# What is Spherical coordinates: Definition and 351 Discussions

In mathematics, a spherical coordinate system is a coordinate system for three-dimensional space where the position of a point is specified by three numbers: the radial distance of that point from a fixed origin, its polar angle measured from a fixed zenith direction, and the azimuthal angle of its orthogonal projection on a reference plane that passes through the origin and is orthogonal to the zenith, measured from a fixed reference direction on that plane. It can be seen as the three-dimensional version of the polar coordinate system.
The radial distance is also called the radius or radial coordinate. The polar angle may be called colatitude, zenith angle, normal angle, or inclination angle.
The use of symbols and the order of the coordinates differs among sources and disciplines. This article will use the ISO convention frequently encountered in physics:

(
r
,
θ
,
φ
)

{\displaystyle (r,\theta ,\varphi )}
gives the radial distance, polar angle, and azimuthal angle. In many mathematics books,

(
ρ
,
θ
,
φ
)

{\displaystyle (\rho ,\theta ,\varphi )}
or

(
r
,
θ
,
φ
)

{\displaystyle (r,\theta ,\varphi )}
gives the radial distance, azimuthal angle, and polar angle, switching the meanings of θ and φ. Other conventions are also used, such as r for radius from the z-axis, so great care needs to be taken to check the meaning of the symbols.
According to the conventions of geographical coordinate systems, positions are measured by latitude, longitude, and height (altitude). There are a number of celestial coordinate systems based on different fundamental planes and with different terms for the various coordinates. The spherical coordinate systems used in mathematics normally use radians rather than degrees and measure the azimuthal angle counterclockwise from the x-axis to the y-axis rather than clockwise from north (0°) to east (+90°) like the horizontal coordinate system. The polar angle is often replaced by the elevation angle measured from the reference plane, so that the elevation angle of zero is at the horizon.
The spherical coordinate system generalizes the two-dimensional polar coordinate system. It can also be extended to higher-dimensional spaces and is then referred to as a hyperspherical coordinate system.

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1. ### B Negative radius convention equivalent but not equal?

In https://en.wikipedia.org/wiki/Spherical_coordinate_system under the heading "Unique coordinates" using the convention (r,P,A) =(radial distance, polar angle, azimuthal angle) ("physicist's convention") we have (r,P,A) is equivalent to (-r,-P, π-A). My three dimensional imagination is...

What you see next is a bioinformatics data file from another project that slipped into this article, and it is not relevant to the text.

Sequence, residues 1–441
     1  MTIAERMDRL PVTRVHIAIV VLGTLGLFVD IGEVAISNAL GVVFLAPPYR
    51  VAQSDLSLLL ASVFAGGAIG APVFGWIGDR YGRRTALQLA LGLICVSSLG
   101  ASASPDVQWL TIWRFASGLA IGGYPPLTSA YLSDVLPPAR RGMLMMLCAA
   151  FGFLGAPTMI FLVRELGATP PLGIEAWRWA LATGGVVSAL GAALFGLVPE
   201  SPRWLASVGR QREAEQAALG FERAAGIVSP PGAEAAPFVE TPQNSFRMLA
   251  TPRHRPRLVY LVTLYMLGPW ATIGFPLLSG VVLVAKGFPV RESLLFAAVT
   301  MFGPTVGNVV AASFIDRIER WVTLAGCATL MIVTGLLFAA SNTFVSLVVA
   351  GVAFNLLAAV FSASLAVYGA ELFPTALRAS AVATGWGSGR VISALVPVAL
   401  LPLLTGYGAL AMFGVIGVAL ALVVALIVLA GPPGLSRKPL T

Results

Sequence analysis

26. ### Surface area of a shifted sphere in spherical coordinates

Homework Statement find the surface area of a sphere shifted R in the z direction using spherical coordinate system. Homework Equations $$S= \int\int \rho^2 sin(\theta) d\theta d\phi$$ $$x^2+y^2+(z-R)^2=R^2$$ The Attempt at a Solution I tried to use the sphere equation mentioned above and...
27. ### I Converting from spherical to cylindrical coordinates

I have the coordinates of a hurricane at a particular point defined on the surface of a sphere i.e. longitude and latitude. Now I want to transform these coordinates into a axisymmetric representation cylindrical coordinate i.e. radial and azimuth angle. Is there a way to do the mathematical...
28. ### A How to find the displacement vector in Spherical coordinate

Is there a way of subtracting two vectors in spherical coordinate system without first having to convert them to Cartesian or other forms? Since I have already searched and found the difference between Two Vectors in Spherical Coordinates as...
29. ### Angular Momentum in Spherical Coordinates

I've started on "Noether's Theorem" by Neuenschwander. This is page 35 of the 2011 edition. We have the Lagrangian for a central force: ##L = \frac12 m(\dot{r}^2 + r^2 \dot{\theta}^2 + r \dot{\phi}^2 \sin^2 \theta) - U(r)## Which gives the canonical momenta: ##p_{\theta} = mr^2...